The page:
Proverbs 26–27

26 Like snow in summer or rainv in harvest,

honor is not fitting for a fool.w

Like a fluttering sparrow or a darting swallow,

an undeserved curse does not come to rest.x

A whip for the horse, a bridle for the donkey,y

and a rod for the backs of fools!z

Do not answer a fool according to his folly,

or you yourself will be just like him.a

Answer a fool according to his folly,

or he will be wise in his own eyes.b

Sending a message by the hands of a foolc

is like cutting off one’s feet or drinking poison.

Like the useless legs of one who is lame

is a proverb in the mouth of a fool.d

Like tying a stone in a sling

is the giving of honor to a fool.e

Like a thornbush in a drunkard’s hand

is a proverb in the mouth of a fool.f

10 Like an archer who wounds at random

is one who hires a fool or any passer-by.

11 As a dog returns to its vomit,g

so fools repeat their folly.h

12 Do you see a person wise in their own eyes?i

There is more hope for a fool than for them.j

13 A sluggard says,k “There’s a lion in the road,

a fierce lion roaming the streets!”l

14 As a door turns on its hinges,

so a sluggard turns on his bed.m

15 A sluggard buries his hand in the dish;

he is too lazy to bring it back to his mouth.n

16 A sluggard is wiser in his own eyes

than seven people who answer discreetly.

17 Like one who grabs a stray dog by the ears

is someone who rushes into a quarrel not their own.

18 Like a maniac shooting

flaming arrows of death

19 is one who deceives their neighbor

and says, “I was only joking!”

20 Without wood a fire goes out;

without a gossip a quarrel dies down.o

21 As charcoal to embers and as wood to fire,

so is a quarrelsome person for kindling strife.p

22 The words of a gossip are like choice morsels;

they go down to the inmost parts.q

23 Like a coating of silver dross on earthenware

are ferventa lips with an evil heart.

24 Enemies disguise themselves with their lips,r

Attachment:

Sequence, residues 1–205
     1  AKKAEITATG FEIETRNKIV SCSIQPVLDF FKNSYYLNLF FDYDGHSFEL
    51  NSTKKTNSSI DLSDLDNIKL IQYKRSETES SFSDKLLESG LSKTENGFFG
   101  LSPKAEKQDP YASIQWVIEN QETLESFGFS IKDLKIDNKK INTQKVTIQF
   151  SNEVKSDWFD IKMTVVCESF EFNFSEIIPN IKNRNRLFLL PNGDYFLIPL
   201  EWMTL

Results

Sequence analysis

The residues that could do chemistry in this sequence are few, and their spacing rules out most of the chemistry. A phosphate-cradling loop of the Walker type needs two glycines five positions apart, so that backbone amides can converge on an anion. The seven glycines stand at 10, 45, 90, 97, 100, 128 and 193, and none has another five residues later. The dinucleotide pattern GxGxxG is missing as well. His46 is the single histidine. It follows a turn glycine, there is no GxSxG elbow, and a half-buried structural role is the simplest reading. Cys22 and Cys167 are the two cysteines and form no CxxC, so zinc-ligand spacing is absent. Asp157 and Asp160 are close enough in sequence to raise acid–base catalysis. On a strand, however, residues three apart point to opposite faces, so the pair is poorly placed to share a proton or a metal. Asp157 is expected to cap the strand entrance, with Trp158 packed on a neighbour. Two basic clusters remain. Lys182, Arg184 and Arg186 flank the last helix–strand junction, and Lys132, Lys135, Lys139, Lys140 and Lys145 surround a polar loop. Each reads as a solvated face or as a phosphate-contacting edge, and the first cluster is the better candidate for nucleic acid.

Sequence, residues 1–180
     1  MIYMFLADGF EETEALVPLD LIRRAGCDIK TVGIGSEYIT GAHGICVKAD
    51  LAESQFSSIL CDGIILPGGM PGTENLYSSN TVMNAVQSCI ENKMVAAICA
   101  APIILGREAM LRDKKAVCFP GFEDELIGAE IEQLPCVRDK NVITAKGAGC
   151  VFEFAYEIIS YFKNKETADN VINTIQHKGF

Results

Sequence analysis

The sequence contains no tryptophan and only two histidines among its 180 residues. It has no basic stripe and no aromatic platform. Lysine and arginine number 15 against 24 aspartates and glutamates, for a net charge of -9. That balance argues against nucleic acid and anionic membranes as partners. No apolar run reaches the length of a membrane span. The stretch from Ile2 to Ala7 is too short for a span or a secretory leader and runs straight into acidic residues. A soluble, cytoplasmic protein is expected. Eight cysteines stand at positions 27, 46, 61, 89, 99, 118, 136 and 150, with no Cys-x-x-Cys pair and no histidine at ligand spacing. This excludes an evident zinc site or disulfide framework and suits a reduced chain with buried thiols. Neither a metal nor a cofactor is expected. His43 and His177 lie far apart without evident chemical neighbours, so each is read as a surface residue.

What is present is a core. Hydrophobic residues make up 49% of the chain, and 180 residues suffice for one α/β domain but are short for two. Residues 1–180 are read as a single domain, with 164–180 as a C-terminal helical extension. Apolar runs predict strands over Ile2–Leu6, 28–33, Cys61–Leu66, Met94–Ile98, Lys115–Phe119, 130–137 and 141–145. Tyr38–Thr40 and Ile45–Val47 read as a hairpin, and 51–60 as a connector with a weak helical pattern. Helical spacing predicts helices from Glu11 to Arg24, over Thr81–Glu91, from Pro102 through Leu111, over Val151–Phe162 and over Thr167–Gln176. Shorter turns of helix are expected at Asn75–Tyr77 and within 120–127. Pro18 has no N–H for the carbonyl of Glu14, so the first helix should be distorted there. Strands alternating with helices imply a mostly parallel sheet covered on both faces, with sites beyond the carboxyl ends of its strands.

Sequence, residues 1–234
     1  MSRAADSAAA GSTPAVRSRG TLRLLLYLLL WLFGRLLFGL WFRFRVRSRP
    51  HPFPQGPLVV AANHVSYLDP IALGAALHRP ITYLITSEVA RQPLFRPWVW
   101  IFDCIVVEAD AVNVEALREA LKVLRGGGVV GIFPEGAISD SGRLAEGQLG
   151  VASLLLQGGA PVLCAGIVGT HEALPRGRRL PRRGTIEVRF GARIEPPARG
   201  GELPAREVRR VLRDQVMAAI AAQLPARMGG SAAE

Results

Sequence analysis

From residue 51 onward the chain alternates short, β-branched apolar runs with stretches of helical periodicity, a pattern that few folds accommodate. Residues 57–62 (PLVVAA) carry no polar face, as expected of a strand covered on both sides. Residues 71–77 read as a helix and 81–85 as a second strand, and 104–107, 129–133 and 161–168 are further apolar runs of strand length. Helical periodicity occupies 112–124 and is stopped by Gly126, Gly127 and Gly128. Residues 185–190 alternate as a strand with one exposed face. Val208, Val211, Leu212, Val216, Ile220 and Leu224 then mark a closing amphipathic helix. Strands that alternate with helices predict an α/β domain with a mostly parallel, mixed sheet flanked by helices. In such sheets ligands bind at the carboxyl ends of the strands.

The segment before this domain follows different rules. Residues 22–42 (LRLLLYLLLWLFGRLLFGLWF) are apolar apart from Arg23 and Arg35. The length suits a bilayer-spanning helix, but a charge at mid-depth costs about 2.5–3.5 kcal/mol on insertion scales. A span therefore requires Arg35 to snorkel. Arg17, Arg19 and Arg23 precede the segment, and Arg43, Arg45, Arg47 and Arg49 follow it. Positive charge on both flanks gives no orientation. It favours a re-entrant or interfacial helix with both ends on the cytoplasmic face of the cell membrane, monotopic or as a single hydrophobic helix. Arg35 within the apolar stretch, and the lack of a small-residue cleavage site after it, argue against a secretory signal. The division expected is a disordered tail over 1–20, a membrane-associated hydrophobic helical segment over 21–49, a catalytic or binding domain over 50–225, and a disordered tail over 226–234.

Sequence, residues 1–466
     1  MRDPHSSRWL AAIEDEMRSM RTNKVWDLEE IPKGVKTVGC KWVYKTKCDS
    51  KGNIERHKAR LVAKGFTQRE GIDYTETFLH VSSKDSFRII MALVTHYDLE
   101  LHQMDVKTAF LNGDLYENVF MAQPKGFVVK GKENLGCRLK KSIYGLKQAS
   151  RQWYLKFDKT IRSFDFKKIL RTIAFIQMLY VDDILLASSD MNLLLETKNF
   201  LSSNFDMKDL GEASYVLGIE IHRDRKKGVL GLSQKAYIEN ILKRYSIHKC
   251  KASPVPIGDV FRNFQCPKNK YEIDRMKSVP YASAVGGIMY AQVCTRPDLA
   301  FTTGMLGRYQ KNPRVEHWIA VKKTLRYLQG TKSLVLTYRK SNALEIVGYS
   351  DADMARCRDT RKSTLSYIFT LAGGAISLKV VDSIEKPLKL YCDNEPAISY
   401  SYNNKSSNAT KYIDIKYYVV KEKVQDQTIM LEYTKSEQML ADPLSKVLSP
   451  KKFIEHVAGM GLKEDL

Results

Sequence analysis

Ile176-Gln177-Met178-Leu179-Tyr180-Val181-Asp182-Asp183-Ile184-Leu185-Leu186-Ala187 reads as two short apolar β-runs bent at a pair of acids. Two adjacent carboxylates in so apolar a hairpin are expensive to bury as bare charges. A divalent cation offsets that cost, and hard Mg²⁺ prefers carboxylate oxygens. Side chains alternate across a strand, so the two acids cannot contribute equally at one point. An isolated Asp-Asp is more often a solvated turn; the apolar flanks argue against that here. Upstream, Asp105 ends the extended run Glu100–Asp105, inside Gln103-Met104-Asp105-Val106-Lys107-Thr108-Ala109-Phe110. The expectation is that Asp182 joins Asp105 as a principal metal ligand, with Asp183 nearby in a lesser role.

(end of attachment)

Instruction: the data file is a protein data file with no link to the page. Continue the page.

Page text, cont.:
but in their hearts they harbor deceit.s

25 Though their speech is charming,t do not believe them,

for seven abominations fill their hearts.u

26 Their malice may be concealed by deception,

but their wickedness will be exposed in the assembly.

27 Whoever digs a pitv will fall into it;w

if someone rolls a stone, it will roll back on them.x

28 A lying tongue hates those it hurts,

and a flattering mouthy works ruin.

27 Do not boastz about tomorrow,

for you do not know what a day may bring.a

Let someone else praise you, and not your own mouth;

an outsider, and not your own lips.b

Stone is heavy and sandc a burden,

but a fool’s provocation is heavier than both.

Anger is cruel and fury overwhelming,

but who can stand before jealousy?d

Better is open rebuke

than hidden love.

Wounds from a friend can be trusted,

but an enemy multiplies kisses.e

One who is full loathes honey from the comb,

but to the hungry even what is bitter tastes sweet.

Like a bird that flees its nestf

is anyone who flees from home.

Perfumeg and incense bring joy to the heart,

and the pleasantness of a friend

springs from their heartfelt advice.

10 Do not forsake your friend or a friend of your family,

and do not go to your relative’s house when disasterh strikes you—

better a neighbor nearby than a relative far away.

11 Be wise, my son, and bring joy to my heart;i

then I can answer anyone who treats me with contempt.j

12 The prudent see danger and take refuge,

but the simple keep going and pay the penalty.k

13 Take the garment of one who puts up security for a stranger;

hold it in pledge if it is done for an outsider.l

14 If anyone loudly blesses their neighbor early in the morning,

it will be taken as a curse.

15 A quarrelsome wife is like the drippingm

of a leaky roof in a rainstorm;

16 restraining her is like restraining the wind

or grasping oil with the hand.

17 As iron sharpens iron,

so one person sharpens another.

18 The one who guards a fig tree will eat its fruit,n

and whoever protects their master will be honored.o

19 As water reflects the face,

so one’s life reflects the heart.a

20 Death and Destructionb are never satisfied,p

and neither are human eyes.q

21 The crucible for silver and the furnace for gold,r

but people are tested by their praise.

22 Though you grind a fool in a mortar,

grinding them like grain with a pestle,

you will not remove their folly from them.

23 Be sure you know the condition of your flocks,s

give careful attention to your herds;

24 for riches do not endure forever,t

and a crown is not secure for all generations.

25 When the hay is removed and new growth appears

and the grass from the hills is gathered in,

26 the lambs will provide you with clothing,

and the goats with the price of a field.

27 You will have plenty of goats’ milk to feed your family

and to nourish your female servants.

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